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New York Daily Photo: The Woolworth Building
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Thursday, 6 December 2007

The Woolworth Building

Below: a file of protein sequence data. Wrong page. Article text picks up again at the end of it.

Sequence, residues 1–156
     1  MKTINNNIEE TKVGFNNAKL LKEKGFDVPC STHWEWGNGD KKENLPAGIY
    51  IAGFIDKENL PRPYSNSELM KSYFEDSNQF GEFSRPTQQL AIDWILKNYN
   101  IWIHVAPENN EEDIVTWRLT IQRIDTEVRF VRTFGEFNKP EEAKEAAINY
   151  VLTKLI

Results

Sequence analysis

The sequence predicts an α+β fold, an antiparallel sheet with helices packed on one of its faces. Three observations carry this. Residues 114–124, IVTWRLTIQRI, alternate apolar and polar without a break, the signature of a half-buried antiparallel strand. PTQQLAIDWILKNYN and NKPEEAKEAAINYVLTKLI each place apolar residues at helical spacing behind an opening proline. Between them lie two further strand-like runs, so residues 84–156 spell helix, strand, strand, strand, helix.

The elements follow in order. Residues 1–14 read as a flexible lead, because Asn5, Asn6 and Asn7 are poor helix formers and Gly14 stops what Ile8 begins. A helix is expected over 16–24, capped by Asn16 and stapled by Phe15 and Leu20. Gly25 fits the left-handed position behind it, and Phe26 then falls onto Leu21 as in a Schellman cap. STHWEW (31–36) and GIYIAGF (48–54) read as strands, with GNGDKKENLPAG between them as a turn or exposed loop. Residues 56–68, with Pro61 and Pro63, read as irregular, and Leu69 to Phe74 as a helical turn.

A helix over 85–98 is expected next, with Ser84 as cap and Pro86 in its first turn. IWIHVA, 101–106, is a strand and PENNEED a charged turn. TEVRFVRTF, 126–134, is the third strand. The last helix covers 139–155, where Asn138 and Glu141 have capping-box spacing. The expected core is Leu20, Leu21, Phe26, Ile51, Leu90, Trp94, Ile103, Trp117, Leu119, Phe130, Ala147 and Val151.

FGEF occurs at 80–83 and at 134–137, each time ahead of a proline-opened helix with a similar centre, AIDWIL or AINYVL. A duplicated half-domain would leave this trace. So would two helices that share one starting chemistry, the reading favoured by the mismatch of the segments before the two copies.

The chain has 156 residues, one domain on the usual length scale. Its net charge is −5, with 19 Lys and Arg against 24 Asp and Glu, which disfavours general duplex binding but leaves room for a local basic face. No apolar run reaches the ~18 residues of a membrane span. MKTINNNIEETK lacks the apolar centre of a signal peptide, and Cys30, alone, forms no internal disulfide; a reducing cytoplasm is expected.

The Woolworth Building, at 233 Broadway, is a personal favorite of mine - my business was located down the block on Park Place for 10 years, so I saw this building daily. The Gothic structure with spires, arches, flying buttresses and gargoyles, was designed by Cass Gilbert and built in 1913 for $13 million in cash by Frank Woolworth as his corporate headquarters (until their bankruptcy in 1997) for his chain of five and dime stores. At 792 feet, it was the tallest building in the world and remained so until 1930. One of the stellar attractions is the spectacular lobby. I have visited numerous times - however, as I have written several times before, here we have another case of heavily restricted access to a landmark building subsequent to 911. Prior to that event, guards were accustomed to visitors and welcomed them. At night, when it was quiet and the guards were not busy, showing interest in the lobby resulted in what amounted to a free personal tour with a history of the construction of the building and explanation of the architectural and sculptural elements. They were always eager to point out the all the features of the magnificent vaulted lobby with blue and gold glass mosaics, murals, marble and the sculptured caricatures including Woolworth counting his nickels and dimes, Cass Gilbert holding a model of the building and the structural engineer Gunvald Aus. Its exterior is also outstanding with limestone, granite, terra-cotta and its signature pyramidal copper spire, now with a green patina. Whenf first built, it was referred to as a Cathedral of Commerce, an appropriate description for this National Historic Landmark. Today, it is impossible to access the interior unless you have specific business in the building. So for now, I only have photos of the exterior to share with you ...


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